Locusts and Cidadas

One of our best friends, Brian, came down from LA on Friday.  Brian is the most competitive person I know, and we love to play games together even though it doesn’t always end pretty.  Last time we played Monopoly, it got a little heated, and I remember Brian saying in all seriousness, “Why on Earth would you buy that Railroad?  There is no long-term growth potential there!”  None the less, we decided to stay in on Friday, make a fire, drink some boozy cider, and play a bunch of board games.

Brian cleaned up in Trivial Pursuit.  He’s a really smart guy, so that was no surprise.  For the question “What insect appears for just two weeks every 17 years? ”  He said, “I know it’s cicadas because we have them at Princeton once every 17 years, and when they come out, it is SO gross!”  Then I said, “We have cicadas in Texas every year, but people call them locusts for some reason,” and then Brian said that we were wrong, and by we, I mean all the Texans that see cicadas every year and call them locusts.  He said that what we see are actually locusts, which look like grass hoppers, because cicadas don’t come out every year.  I told him that he was ridiculous.  As a kid, I collected the exoskeletons that the cicadas shed.  I know what they look like and they are not grasshoppers.  But he really is a super smart guy, so I let him convince me that if they only come out every 17 years at “Princeton,” then I guess he must be right.

But this morning, I was vindicated by a Google search.  “In parts of Australia, and the USA, cicadas are often known as locusts, however, a cicada is an entirely different type of insect than the locust or the grasshopper. The cicada is related to the aphid and comes in two varieties; the annual and the periodical cicada. The annual cicada has a lifecycle which repeats annually, i.e. they breed and hatch once per year. The periodical cicada may have either a 17 or 13 year lifecycle and spend the time between breeding buried in the ground until billions of individuals hatch in unison. This gives rise to the name thirteen year locust and seventeen year locust.”

So take that Princeton smarty pants who whine about bugs showing up every 20 years.  We Texans take’em on once a year!

The final game night score was 2-2-0.  Brian won T.P. and Boggle.  I won Uno and Risk.   Poor Mike was just collateral damage.

A Revelation

This is Mike.  We just figured out how to get our house really, really clean.  Hire someone to do it.

Man, the house looks good.  Man, this place was dirty before the cleaners came.

Hope everyone has a good Turkey Day.  We’ll let you know how the Turkey on the Weber Grill works out.

Back in Chicago

I have an opening on Friday in Chicago.  I just flew in this morning and forgot how much busier the city is than sleepy San Diego.  The airport was crazy.  But I was surprised at how excited I was to be back.  I have lots of plans to see friends and to eat, eat, eat, and eat some more.  I really do think Chi-town has the best food in America.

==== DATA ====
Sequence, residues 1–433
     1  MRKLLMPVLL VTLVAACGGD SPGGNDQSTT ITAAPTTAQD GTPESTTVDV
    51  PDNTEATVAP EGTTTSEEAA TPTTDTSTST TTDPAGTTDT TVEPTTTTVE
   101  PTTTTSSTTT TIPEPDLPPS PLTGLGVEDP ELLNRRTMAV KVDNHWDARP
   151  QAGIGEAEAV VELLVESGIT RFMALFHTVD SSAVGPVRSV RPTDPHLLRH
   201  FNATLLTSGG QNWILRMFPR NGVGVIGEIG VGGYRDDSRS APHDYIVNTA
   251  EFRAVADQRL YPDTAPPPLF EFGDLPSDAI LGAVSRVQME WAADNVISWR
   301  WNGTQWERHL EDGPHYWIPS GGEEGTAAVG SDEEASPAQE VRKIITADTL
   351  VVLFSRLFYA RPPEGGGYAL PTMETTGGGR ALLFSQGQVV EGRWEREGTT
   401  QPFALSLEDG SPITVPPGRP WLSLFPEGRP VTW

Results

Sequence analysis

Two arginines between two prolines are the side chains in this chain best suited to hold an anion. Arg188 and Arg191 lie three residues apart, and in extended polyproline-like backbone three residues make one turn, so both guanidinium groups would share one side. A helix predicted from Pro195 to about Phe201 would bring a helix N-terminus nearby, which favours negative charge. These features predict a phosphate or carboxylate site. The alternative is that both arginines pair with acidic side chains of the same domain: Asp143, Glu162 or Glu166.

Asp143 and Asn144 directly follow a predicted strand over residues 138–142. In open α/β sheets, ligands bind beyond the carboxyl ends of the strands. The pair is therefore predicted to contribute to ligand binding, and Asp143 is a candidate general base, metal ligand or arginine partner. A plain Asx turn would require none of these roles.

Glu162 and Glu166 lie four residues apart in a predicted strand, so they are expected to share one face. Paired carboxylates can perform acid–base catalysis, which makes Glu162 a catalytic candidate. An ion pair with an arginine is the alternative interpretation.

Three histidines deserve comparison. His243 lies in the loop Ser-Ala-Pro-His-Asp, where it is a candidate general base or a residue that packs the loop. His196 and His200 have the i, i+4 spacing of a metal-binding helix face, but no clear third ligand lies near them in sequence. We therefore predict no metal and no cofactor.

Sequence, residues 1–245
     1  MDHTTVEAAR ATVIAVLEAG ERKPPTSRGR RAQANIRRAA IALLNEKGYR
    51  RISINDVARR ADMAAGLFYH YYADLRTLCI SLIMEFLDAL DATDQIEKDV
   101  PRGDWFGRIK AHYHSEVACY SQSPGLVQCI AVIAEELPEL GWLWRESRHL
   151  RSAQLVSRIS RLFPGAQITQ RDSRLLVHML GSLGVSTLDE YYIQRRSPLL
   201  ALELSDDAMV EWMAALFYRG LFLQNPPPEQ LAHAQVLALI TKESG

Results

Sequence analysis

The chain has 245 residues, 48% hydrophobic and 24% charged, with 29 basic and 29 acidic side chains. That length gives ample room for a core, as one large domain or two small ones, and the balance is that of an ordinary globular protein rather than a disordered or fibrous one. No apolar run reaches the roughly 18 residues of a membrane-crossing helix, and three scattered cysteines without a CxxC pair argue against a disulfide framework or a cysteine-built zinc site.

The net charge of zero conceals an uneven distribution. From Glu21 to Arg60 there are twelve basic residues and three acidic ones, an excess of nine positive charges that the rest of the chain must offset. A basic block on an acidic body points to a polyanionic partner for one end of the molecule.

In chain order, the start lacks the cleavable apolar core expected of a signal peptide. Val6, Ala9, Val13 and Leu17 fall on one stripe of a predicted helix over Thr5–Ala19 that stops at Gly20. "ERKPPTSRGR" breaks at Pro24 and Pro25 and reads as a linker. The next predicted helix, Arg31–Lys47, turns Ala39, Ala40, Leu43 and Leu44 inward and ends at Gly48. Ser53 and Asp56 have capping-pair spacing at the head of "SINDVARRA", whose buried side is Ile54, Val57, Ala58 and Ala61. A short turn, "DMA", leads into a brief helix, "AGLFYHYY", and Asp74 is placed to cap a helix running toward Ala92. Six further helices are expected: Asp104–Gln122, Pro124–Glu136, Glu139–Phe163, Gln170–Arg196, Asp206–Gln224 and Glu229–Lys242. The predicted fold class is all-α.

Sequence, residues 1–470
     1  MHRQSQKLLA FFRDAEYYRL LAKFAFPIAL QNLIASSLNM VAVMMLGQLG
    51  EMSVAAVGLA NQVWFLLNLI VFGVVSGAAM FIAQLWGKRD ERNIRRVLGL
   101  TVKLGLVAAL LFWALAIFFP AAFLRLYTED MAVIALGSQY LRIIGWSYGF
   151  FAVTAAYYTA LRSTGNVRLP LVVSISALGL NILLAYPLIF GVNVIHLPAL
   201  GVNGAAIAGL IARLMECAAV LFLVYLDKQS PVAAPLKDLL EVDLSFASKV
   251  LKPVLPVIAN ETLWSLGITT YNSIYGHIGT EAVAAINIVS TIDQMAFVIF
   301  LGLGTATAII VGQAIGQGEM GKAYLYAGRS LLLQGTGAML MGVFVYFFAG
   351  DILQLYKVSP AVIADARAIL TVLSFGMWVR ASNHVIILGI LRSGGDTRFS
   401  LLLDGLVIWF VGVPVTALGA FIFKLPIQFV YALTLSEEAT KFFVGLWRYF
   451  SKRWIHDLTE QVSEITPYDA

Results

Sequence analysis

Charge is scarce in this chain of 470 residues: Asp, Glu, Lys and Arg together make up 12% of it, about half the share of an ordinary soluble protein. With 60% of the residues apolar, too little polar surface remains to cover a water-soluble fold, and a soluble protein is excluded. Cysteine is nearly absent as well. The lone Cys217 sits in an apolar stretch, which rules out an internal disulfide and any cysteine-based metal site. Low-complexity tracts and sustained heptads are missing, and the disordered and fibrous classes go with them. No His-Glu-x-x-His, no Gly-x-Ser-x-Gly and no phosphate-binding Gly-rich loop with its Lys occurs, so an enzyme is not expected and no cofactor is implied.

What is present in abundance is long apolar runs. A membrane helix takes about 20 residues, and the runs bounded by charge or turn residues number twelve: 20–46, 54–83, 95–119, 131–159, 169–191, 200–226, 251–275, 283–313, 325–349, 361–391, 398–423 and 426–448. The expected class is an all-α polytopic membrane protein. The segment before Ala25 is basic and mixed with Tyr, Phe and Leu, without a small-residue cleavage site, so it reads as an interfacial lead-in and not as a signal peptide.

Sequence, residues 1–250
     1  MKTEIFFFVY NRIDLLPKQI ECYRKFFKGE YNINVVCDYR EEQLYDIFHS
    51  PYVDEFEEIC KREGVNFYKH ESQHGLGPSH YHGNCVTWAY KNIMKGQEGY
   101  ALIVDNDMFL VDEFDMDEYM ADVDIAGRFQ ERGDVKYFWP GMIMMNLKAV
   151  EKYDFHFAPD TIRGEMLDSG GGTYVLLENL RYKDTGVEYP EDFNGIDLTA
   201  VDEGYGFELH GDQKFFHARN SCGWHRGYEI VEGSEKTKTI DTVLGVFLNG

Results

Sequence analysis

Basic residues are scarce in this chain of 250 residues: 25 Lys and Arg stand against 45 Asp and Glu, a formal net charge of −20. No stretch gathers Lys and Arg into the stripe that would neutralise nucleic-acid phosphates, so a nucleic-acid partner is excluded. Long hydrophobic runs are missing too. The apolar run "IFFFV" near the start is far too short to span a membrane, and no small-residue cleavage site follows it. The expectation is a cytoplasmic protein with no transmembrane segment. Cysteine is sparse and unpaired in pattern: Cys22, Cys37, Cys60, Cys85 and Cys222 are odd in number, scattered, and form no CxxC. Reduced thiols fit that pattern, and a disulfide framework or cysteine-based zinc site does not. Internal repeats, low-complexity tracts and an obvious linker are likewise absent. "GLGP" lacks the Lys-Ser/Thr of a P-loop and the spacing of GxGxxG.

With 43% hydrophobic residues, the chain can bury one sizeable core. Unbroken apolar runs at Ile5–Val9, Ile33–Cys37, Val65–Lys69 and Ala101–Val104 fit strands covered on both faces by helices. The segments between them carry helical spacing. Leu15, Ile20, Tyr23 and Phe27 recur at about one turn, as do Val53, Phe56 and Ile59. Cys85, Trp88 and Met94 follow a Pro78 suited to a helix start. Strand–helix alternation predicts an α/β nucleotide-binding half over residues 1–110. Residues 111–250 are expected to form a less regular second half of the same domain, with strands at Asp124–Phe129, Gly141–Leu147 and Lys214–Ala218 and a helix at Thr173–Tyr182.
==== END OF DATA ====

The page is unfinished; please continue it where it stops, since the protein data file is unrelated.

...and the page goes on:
I listened to the guy next to me on the plane tell me about his recent Indian Princess camping trip with his daughter.  He went on and on, and it was so cute to see a dad who loves family so much.  Hearing how happy he was made me anxious to have kids in such a fun place.  There really are a million adventures around San Diego and generally, people seem to value family time more than work. I like that.

I have gotten really good discounts on the work I’ve made for this show from the framer, the embroidery lady who helped me finish my project, etc.  All the work is about being unemployed and I think they feel sorry for me.  🙂

Anyway, here is the info about my show:

Artist: Unemployed opens November 20, 2009 at LivingRoom Gallery
Reception: Friday November 20, 2009 5-8 pm
at LivingRoom Gallery
1530 West Superior Street (between Ashland Ave. and Armour St.)
Chicago IL 60642

Making art is expensive, but it can be cheaper than therapy. In Artist: Unemployed interdisciplinary artist Shawnee Barton uses humor, humility, and her art practice to cope with being unemployed during the worst economic downturn our country has seen in sixty years.

In this installation at LivingRoom Gallery, the artist addresses subjects related to her inability to get a job including daytime television, arts policy, and her ongoing existential crisis.

The Performer: It takes one to Know one

I got Mike a grill for his Birthday.  It’s a pretty fancy one called The Weber Performer.  He’s been really into it, and it’s fun to see someone giddy like a little kid at Christmas.  Ten minutes after we got it home, he was registering it online and on his second read through of the manual.  He’s even contemplating cooking the Thanksgiving bird on it.  We’ll see how that turns out.   Just so you know how serious this guy is, here are some things he’s actually said to me:

“We’re gonna cook the corn on the cob with indirect heat and the chicken with direct medium heat.”  Whatever that means.

“I think I need to hold off on grilling and just study for a couple of months.”

“Water smoking is a step or two above my pay grade”

“Now, I’m not sure if we should have a ring a fire, a bullseye, or three-tiered coals”